I purchased my rucksack from Wilder and Sons just over two years ago and I’ve put it to the test more times than I can count.
This bag is a workhorse made from sturdy materials with a simple, elegant design.
I have found a couple of small flaws after years of use and there are some features I’ve really fallen in love with. I’ll share all of these thoughts and my final recommendation below.
I’ll start by saying that I am an avid rock climber. I spend nearly every weekend out in the mountains hauling myself and my gear up and down steep cliffs. I wedge myself into narrow chimneys, scramble over jagged rock and haul my gear around in generally rugged terrain.
Any bag I take out into the mountains takes a real beating. My Wilder and Sons rucksack has spent the last two years in the mountains of the northwestern United States and the highlands of Guatemala. I certainly put it to the test.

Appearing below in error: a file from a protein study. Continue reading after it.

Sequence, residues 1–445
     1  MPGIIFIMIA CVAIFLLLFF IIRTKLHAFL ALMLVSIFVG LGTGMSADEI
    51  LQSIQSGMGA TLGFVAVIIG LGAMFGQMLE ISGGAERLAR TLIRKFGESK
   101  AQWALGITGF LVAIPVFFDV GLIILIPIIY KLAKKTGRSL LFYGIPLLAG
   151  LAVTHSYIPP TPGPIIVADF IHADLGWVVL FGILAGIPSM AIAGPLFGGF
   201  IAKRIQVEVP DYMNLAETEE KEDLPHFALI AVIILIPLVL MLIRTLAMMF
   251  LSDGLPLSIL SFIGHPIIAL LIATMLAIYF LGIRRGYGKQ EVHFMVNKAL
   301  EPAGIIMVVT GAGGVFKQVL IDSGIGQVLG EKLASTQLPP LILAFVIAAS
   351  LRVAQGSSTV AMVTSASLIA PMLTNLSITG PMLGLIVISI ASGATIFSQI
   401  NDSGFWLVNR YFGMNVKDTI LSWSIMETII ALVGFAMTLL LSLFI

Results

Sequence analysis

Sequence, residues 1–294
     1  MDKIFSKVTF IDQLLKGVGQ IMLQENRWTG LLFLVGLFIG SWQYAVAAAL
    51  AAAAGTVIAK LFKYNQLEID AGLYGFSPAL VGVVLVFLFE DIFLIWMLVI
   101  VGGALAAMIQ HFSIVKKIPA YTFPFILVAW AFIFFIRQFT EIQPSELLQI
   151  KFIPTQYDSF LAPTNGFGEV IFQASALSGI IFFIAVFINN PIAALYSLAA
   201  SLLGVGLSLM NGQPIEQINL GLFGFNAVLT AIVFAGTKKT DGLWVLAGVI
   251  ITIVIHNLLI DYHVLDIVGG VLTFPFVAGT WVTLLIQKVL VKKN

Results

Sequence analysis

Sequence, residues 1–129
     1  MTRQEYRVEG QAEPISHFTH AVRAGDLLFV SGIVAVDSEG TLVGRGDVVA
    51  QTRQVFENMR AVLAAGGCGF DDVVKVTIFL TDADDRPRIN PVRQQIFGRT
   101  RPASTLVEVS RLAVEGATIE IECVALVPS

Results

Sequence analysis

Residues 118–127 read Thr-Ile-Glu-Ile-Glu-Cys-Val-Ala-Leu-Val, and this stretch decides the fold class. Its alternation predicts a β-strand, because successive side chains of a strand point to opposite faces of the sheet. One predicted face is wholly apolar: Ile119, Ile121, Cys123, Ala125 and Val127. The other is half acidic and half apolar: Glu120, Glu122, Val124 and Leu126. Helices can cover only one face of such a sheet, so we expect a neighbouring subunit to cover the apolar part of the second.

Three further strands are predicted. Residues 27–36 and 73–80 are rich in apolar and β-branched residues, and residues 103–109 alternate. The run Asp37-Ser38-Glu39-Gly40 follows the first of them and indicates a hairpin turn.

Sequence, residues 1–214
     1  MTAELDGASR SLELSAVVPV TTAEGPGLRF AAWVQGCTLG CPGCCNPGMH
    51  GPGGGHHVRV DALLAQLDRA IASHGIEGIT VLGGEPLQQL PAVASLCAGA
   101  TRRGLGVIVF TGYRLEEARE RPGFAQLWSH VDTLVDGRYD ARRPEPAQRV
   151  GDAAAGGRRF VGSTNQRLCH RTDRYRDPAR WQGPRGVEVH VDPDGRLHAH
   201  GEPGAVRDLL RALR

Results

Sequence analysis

This bag is tough. Sturdy material, strong buckles and solid stitching allow it to withstand a heavy beating, day in and day out. All told, the bag is of a medium weight. It’s certainly not the pack to take trail running. However, it’s not as heavy as a combat pack with accessories coming out of its ears.
Wilder and Sons chose to use 600D nylon for the outer material of this bag. It’s an uncommon fabric weight and you’ll be hard pressed to find other manufacturers using this weight of fabric in their packs. It is a sturdy fabric with pretty hefty threads, causing a somewhat stiff, and resilient texture.You’ll notice it right away, the bag feels sturdy and strong.
The denier (D) rating of a fabric is a measurement of fiber thickness, not strength or durability. In general though, a higher D rating does mean stronger, sturdier fabrics and lower a D rating makes for a softer, sleeker fabric.
500D and 1000D nylon have both been the go to materials in bag making for a long time. However, 600D nylon is a little atypical. This gives the rucksack a unique feel and sets it apart from most bags on the market today.